Home > article, productivity, writing > Need motivation? Challenge yourself!

Need motivation? Challenge yourself!

There’s a book inside you. You know it. You can see it when you close your eyes. The characters are familiar friends. The world they live in is old and well-visualized. There is only one thing keeping you from bringing it outside: You.

What is your roadblock? Often times it’s only the perception of a roadblock that keeps you from starting or completing your project. If your complaint is “there isn’t enough time,” “my family keeps me busy,” or “I can’t see past a certain point in the story, I’m blocked,” then rest assured that those are the worst excuses ever devised; they are not even clever enough for a writer to have come up with. But, if you find yourself buying into these anti-productivity slogans, then perhaps what you need is a little self-competition.

Competition can be very good for a writer. Think about it: if you are getting paid to write an article for a magazine, your competitor is either another writer or your deadline. Nothing changes when you are writing for your own pleasure, or if you are banging away at your first novel in the hopes of getting it published. It’s just that your competition is ‘softer’ in a way. Your competition is YOU.

You’re not just one runner in a marathon. You are two runners: the pace runner and the runner trying to keep pace. If your pace runner isn’t doing his job, there is no goal to shoot for. You can just stop whenever you want and chat with an onlooker. On the other hand, if your pacer (that part of you egging you on) is ahead of you shouting encouragement and taunts, well, there is nothing you can’t accomplish. Are you a worthy competitor?

If you need to set a pace that will stretch your abilities, consider one of several ‘self-competitions’ that will challenge you by challenging yourself.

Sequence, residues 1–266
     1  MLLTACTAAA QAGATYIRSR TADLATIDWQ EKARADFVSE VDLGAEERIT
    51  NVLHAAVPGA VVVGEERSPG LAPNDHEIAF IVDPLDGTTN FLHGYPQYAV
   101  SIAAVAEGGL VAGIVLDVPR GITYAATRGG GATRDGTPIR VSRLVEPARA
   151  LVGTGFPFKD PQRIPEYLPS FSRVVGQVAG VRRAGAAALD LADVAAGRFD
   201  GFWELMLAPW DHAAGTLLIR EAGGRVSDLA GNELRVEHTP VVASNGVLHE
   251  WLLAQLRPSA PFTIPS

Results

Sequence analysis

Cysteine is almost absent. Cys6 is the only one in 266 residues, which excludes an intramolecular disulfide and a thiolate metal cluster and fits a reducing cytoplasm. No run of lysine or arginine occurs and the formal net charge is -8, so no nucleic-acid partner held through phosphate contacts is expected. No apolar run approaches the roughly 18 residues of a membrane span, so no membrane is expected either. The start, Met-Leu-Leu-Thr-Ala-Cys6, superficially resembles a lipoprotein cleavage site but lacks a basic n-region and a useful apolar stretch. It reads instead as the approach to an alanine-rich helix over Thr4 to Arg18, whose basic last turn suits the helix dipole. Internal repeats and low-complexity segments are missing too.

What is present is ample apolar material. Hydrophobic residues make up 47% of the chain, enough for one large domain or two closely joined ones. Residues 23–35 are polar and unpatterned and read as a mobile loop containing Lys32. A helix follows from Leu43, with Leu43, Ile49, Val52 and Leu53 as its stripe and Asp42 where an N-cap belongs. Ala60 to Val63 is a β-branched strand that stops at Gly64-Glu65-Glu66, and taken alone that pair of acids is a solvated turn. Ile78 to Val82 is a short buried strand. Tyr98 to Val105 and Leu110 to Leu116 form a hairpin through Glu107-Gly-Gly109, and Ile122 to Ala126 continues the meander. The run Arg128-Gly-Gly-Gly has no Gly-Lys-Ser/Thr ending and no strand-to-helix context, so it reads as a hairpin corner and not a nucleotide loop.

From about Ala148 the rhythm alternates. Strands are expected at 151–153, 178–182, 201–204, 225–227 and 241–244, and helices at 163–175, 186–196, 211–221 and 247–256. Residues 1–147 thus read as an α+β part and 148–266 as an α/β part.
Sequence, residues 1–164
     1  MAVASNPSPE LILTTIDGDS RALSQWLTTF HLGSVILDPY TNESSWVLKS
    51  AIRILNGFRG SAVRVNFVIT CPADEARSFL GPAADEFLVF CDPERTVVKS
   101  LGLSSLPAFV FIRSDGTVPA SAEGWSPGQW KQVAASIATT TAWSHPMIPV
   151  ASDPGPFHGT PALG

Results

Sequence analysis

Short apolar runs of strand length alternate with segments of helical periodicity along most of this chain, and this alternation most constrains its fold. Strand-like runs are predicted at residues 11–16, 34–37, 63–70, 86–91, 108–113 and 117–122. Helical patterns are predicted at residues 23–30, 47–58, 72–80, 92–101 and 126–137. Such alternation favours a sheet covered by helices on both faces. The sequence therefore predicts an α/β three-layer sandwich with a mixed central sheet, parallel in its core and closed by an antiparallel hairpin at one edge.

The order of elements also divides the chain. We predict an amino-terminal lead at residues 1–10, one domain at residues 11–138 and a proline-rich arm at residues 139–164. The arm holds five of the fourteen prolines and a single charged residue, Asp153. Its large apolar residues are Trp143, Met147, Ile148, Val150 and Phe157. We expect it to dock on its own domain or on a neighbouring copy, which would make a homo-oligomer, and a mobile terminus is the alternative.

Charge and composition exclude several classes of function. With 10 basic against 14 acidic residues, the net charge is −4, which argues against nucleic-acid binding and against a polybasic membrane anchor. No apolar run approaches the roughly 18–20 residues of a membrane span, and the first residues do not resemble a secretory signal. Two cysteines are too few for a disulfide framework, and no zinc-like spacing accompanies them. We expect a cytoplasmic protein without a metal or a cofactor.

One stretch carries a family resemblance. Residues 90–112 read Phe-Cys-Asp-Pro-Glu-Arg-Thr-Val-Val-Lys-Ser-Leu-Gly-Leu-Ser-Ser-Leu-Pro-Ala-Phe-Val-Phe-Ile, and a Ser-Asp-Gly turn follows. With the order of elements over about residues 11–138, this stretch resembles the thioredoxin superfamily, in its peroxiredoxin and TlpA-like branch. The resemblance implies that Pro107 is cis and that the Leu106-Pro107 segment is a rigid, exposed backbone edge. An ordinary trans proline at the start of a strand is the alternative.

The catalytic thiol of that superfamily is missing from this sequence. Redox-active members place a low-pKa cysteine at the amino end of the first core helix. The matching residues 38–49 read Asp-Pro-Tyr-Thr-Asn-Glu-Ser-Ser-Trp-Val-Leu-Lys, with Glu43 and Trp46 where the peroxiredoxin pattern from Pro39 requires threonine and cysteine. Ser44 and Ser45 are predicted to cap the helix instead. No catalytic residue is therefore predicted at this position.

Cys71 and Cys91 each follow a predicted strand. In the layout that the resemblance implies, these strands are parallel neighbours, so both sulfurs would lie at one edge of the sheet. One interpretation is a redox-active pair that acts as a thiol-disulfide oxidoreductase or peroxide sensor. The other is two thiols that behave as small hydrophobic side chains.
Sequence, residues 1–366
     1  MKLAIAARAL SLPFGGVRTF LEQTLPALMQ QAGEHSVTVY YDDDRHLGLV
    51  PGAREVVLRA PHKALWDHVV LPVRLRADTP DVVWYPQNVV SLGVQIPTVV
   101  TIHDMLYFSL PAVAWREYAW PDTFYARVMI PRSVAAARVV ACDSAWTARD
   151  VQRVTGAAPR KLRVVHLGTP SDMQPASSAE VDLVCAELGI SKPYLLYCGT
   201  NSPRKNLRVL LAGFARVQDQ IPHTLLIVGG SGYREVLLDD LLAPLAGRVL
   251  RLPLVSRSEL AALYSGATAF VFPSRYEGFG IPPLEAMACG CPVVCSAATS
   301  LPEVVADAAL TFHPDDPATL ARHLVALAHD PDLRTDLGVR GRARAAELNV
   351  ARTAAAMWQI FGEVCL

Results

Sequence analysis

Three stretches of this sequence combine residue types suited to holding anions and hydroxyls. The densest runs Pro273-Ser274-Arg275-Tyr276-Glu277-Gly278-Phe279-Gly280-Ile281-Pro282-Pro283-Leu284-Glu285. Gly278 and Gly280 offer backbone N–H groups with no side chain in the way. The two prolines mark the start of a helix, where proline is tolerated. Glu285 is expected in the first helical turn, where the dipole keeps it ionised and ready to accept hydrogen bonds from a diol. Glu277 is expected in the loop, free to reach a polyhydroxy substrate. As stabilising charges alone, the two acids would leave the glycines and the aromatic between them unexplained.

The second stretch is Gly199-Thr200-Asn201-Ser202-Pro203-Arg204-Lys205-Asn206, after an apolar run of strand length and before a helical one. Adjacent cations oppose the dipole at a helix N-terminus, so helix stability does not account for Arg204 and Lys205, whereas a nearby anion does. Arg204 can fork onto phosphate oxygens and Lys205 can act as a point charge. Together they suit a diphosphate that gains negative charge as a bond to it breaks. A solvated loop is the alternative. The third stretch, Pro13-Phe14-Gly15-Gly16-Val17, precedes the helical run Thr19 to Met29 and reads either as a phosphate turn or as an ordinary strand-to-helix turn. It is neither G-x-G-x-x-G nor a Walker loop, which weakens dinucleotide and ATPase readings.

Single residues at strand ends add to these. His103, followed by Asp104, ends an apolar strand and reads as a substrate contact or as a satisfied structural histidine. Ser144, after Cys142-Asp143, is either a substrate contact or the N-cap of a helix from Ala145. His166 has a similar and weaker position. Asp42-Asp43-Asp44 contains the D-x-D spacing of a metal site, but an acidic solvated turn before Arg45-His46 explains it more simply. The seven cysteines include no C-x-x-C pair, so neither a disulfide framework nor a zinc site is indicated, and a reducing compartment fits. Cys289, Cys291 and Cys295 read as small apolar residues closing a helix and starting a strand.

• NaNoWriMo: National Novel Writing Month is the grand master of writing self-contests. The idea is to write a 50,000 rough draft of a novel from whole cloth in the month of November. Creator Chris Baty has built quite a website that administrates the contest, where you can log in your progress through the week and talk in forums with others who have accepted the same challenge. I completed NaNoWriMo in 2007 with a manuscript that was around 50,010 words. Yay me! What a rush that was. Now, to edit it into something that doesn’t resemble sad mush. I’ll be posting about this later. I have ideas!
  • JulNoWriMo: Not to be outdone by November, July has its own contest. Though newer and not as fancy, its participants are on the rise. Too bad we just missed it! Keep it in mind for 2010.
  • 10K Day: Milli Thornton at the Fear of Writing hosted the first 10K Day in June, and it was such a hit that she decided to make it a regular thing, and even to add a second day (a Saturday) to the monthly challenge. Check out her site, which has just moved over to WordPress and so has a little construction dust right now.  This is a good site for a little jolt of inspiration to get you back to writing.
  • The 500 Words-a-Day Challenge: Debbie Ohi at Inkygirl has put out a daily challenge of writing 500 words a day or 1000 words a day. If these word counts seem small then keep in mind that a single Lego seems small, but with enough of them you can build a rocket ship or landspeeder or castle. Or TARDIS! It certainly helps that Debbie offers cool Yay Me! badges. That’s reward enough.

There are other self-challenge sites out there which you’ll find with a quick browse. Some of them require an entry fee. All of them challenge you to challenge yourself.

Let me know: which challenges have you accepted? And whether you completed the challenge or not, how did it help you with your writing? Feel free to post your answer in the comments below.

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Categories: article, productivity, writing
  1. August 14, 2009 at 11:54 am

    Thanks, Guy, for featuring the 10K Day in your list of suggestions. :~)

    If anyone reading this still quails at the concept of self-challenge, the 10K Day might be a good place to start. We are there to challenge ourselves to write as much as we can. But it’s done in an atmosphere of camaraderie and mutual support, where everyone succeeds no matter how many words you write that day.

    Check out the comment section from the July 10K Day (the August 13 event is still on the old blog) to give you a taste of what I mean:

    http://fearofwriting.com/blog/?p=71

    Even the ones who are a bit dismayed along the way (with what they see as their lack of progress) almost always end up saying a version of “This is way more than I’ve ever written in a day!” And they also love being in the joyful company of the other writers.

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